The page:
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Plague of ladybirds in Norfolk home leaves four-year-old girl with nightmares

PUBLISHED: 11:41 17 October 2018 | UPDATED: 15:00 17 October 2018

Ladybirds are infesting properties is Old Catton. Photo: Zoe Gough

Ladybirds are infesting properties is Old Catton. Photo: Zoe Gough

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A mother from Old Catton has said a swarm of ladybirds that have infested her home are giving her young daughter nightmares.

Ladybirds are infesting properties is Old Catton. Photo: Zoe GoughLadybirds are infesting properties is Old Catton. Photo: Zoe Gough

Zoe Gough, 26, explained how every year her Old Catton home faces an onslaught of the ladybird beetle.

She said from early September up until February her window sills are beset with the red and black insects – a number of which are the infamous STD-carrying harlequin variety.

Ladybirds crawling on the window of a home in Gunthorpe. Photo: Sally HarwoodLadybirds crawling on the window of a home in Gunthorpe. Photo: Sally Harwood

“It’s frustrating,” said Miss Gough, “It has gotten to the point that my daughter is petrified of ladybirds because of the sheer volume of them that collect at the windows.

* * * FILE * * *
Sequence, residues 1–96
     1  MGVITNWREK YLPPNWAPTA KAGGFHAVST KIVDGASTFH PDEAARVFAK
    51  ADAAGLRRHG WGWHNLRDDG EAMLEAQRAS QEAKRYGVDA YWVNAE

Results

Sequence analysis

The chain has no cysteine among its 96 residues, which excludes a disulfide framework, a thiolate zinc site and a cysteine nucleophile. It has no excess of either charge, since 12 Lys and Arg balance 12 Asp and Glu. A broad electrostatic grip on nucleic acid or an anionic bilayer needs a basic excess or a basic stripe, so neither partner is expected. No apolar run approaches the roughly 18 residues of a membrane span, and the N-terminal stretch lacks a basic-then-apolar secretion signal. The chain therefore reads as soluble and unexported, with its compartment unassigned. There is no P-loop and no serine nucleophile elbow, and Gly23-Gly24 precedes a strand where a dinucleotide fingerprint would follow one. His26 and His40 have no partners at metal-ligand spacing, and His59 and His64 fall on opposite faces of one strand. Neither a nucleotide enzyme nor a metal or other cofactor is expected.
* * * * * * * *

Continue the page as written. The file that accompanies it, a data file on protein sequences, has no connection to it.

“She tells me that she has nightmares that they’re crawling all over her.”

Ladybirds swarming in a Norfolk home. Photo: Michelle KitchLadybirds swarming in a Norfolk home. Photo: Michelle Kitch

MORE: Homes swarmed by ladybirds across Norfolk

Miss Gough revealed that both her and her daughter, who is four, have found the bugs in their beds.

Becky Mills spotted ladybirds clustered around her door in West Raynham. Photo: Becky MillsBecky Mills spotted ladybirds clustered around her door in West Raynham. Photo: Becky Mills

“It’s not just us,” she said, “We’re in a block of six properties and everyone is complaining about it.

“I think they collect here because our window frames are white and they’re attracted to light colours, some of the most swarmed windows are south facing so they’re are in the sun all the time and they like warmth.

“Sometimes there’s hundreds on each window, there has to be thousands all together.”

This month reports of ladybird swarms have been pouring in from all over the UK, with many home-owners particularly concerned about harlequin ladybirds - an inverted version of the more familiar type with black wings covered in red spots.

While this variety of ladybird beetle carry a type of STD, the disease only affects other insects and crustaceans so is not harmful to humans.

• Have you seen an increase in Ladybirds this month? Let us know in the comments.

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